- When an organization incorporates there are provisions in state law which must be followed.
C. School District-Organization Relations
- Volunteer organizations and school districts operate under different sets of laws with which they must comply.
- When gifts (funds, equipment, etc.) are presented to the district they must be accepted at a regular school board meeting and become the property of the district.
- Outside funds may be used to finance a part of the school program under certain conditions.
- An accounting system should be set up to show how grants to the school were used.
- Use of school district equipment and supplies by a non-profit corporation is a gift of public funds not allowable under state law.
- Use of school facilities may be offered free or at a reasonable rental fee at the discretion of the school board.
The Washington State Gambling Commission, the Department of Licensing, and the Internal Revenue Service all have licensing regulations covering fund raising activities by non profit corporations.
A. Charitable Solicitations in General
- A nonprofit corporation may conduct sales or benefit affairs which include athletic or sports events, bazaars, benefits, campaigns, circuses, contest, dances drives, entertainment's, exhibitions, expositions, parties, performances, picnics, sales, social gatherings, theaters, and variety shows.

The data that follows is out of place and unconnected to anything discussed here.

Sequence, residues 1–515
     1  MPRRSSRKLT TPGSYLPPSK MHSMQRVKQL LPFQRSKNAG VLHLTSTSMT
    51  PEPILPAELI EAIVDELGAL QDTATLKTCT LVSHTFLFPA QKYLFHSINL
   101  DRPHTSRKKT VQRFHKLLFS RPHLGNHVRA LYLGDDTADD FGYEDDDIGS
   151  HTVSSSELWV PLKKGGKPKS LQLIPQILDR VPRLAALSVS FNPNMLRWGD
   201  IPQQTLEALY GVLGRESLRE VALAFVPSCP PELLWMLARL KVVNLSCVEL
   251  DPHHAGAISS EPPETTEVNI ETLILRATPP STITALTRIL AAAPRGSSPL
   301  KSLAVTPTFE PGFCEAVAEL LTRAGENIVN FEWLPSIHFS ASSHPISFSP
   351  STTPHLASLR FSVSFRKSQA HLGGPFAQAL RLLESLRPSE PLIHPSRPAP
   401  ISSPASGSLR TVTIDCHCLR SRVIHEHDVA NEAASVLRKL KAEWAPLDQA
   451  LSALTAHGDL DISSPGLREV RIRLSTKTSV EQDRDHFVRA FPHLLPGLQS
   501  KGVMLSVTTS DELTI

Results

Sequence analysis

- A nonprofit corporation may operate bingo activities, raffles, and amusement games under requirements regulated by the Washington State Gambling Commission.
B. State Registration
- Charitable organizations are required to be registered under recent changes in the law, and they must file an annual report.
- The cost of solicitation will continue to be regulated (limited to 20 percent of total moneys raised unless a state waiver is obtained).
- When a professional fund raiser is used registration is required.
- School districts or affiliates such as the ASB and student organizations do not require registration.
C. IRS Recognition Required
- A charitable organization involved in sales and benefits grossing over $25,000 must obtain IRS recognition.
- A charitable organization need not file an income tax form unless it grosses over $25,000 annually.
- 3A PTA/PTSA may obtain all application forms and assistance from the State PTSA Office
D. Gambling License Requirements
- When bingo, raffles, and amusement games are conducted the State Gambling Act controls.
- These activities, under the State Gambling Act, may be conducted by nonprofit organizations without a gambling permit under certain conditions specified in law. However, a nonprofit organization must obtain IRS recognition as a tax exempt association regardless of gross income.
- Casino nights are permitted as fund-raisers under the State Gambling Commission rules only with a gambling license.
- A PTSA may obtain assistance and complete information from the state PTSA Office.